April Dunford on positioning for growth

Updated On: January 28, 2020
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April Dunford, renown speaker, author, and founder/CEO of Ambient Strategy, graced Recur 2019 with insight on how to make your market category work for you. 

She’s a marketing expert in the SaaS space, but ironically does not have a degree in marketing. She majored in systems, designs, and engineering. April said she landed her first job after college at a startup working in product marketing. She said her company got acquired and then her boss quit, leaving her in the right place at the right time. April was put in charge. 

Although she didn’t major in marketing, she had a natural knack and curiosity for it. April shared that she took many courses, where she kept coming across the idea of “positioning.” Every time she asked, “Well how do we do it?” nobody seemed to have an answer. 

April found the answer herself. She explained it all at Recur 2019. I’ll breakdown key takeaways from her talk. 

 

What does positioning mean?

Even though positioning is one of the most misunderstood concepts in marketing and business altogether, it defines how your product is the best in the world at providing something that a well-defined set of customers care a lot about. 

“Mastery of this concept can mean the difference between success and failure of a product, sometimes the whole company," April said. 

According to April, positioning is not:

  • A tag line 
  • A point of view 
  • A vision 
  • A brand 
  • Messaging 
  • Marketing 
  • Or a GTM strategy 

She said all of these listed factors flow from positioning, but positioning needs to happen first. April shared this analogy at Recur: if everything we do in marketing and sales is the house, positioning is the foundation upon which the house is built.

Screen Shot 2020-01-23 at 9.48.27 AM 

Components of positioning 

Positioning is a lot like setting up context for your product. New products presented outside of their context are extremely hard to figure out. Even a hint of context can completely change the way we think about the product. 

“A shift in positioning can completely transform the way we see a product," April said. 

Positioning seeks to answer two fundamental questions:

  1. What is this?
  2. Why do I care?

April said research proves customers will use what they know to make sense of what they don’t know. With that comes two major touch points: market categories and trends. 

Market categories are important because they tell customers where to focus their attention in an already super crowded market. Positioning based on market categories and trends narrows down the competition, but more importantly, sets off an extremely powerful set of assumptions in the minds of customers about your product. If the assumptions happen to be true, great, you saved your marketing and sales team a ton of work. But, on the other hand, if the assumptions are wrong, then your marketing and sales team has to make a significant effort to undo the damage your positioning has done. Long story short, mastering your positioning is crucial.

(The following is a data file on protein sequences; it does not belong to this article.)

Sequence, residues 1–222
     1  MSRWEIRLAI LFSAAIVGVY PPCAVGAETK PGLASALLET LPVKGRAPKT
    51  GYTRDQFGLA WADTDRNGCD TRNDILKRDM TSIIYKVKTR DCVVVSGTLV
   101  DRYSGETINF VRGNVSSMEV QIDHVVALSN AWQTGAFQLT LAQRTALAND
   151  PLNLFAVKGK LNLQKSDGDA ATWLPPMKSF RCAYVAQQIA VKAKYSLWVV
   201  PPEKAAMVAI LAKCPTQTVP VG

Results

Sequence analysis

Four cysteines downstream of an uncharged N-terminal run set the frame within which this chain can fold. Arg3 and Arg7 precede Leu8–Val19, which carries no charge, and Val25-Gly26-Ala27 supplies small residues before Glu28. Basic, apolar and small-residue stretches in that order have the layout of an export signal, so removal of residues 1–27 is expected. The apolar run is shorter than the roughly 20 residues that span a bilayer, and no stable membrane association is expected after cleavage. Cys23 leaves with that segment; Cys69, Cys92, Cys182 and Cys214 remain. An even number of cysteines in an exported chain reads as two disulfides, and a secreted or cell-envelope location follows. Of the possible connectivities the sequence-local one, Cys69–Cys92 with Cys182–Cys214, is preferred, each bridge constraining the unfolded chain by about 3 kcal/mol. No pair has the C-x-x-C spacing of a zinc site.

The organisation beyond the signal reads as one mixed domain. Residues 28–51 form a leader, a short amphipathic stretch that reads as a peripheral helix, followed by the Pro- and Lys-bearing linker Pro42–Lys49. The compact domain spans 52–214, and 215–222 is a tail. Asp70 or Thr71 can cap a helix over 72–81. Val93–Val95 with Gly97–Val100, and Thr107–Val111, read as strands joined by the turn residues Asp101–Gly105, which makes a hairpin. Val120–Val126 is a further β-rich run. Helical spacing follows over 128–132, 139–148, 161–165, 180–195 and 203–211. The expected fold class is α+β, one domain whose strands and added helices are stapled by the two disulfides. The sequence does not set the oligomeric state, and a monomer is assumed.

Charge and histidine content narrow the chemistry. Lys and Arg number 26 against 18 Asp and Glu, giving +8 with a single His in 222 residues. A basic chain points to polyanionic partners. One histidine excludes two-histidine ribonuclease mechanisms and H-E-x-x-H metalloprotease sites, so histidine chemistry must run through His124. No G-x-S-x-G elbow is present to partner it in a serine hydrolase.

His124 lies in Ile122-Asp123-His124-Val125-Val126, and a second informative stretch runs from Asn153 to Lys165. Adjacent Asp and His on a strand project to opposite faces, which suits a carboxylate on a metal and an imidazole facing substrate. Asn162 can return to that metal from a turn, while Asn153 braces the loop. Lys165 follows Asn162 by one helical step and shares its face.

The positioning process

While April was taking marketing classes, she saw this traditional positioning statement:

FOR (TARGET MARKET) (OUR OFFERING) IS A (MARKET CATEGORY) WHICH PROVIDES (BENEFIT) UNLIKE (COMPETITOR).

It was fill-in-the-blanks. Her professor told her you can achieve positioning just by filling this statement out. April was not satisfied and dug to find her own positioning process. From that original and traditional statement she drew five components of positioning: market category, alternatives, unique attributes, customer segments, and value.  

Each of these components has a relationship to one another; everything depends on the customer’s frame of reference. 

Here is how the positioning process should flow:

  1. Competitive Alternatives: You start with who your customers would compare you to. If you didn’t exist, what would customers use? 
  2. Key Unique Attributes: What features/capabilities do you have that alternatives do not? The features your competition lacks is what makes you unique. 
  3. Value: What value do the attributes enable for customers? 
  4. Customers that care: Who cares about that value?
  5. Market you win: What context makes the value obvious to your target segments

Screen Shot 2020-01-23 at 9.49.11 AM

Final thoughts

As April says, successfully connecting your product with consumers isn’t a matter of following trends, comparing yourself to the competition or trying to attract the widest customer base. It comes down to proper positioning. Even if your product has been in existence for a while, re-examining positioning is never a wasted effort. 

This article is just a taste of April’s knowledge on positioning. To gain deeper insight into positioning, you can read April’s book, Obviously Awesome.

Tags: Recur

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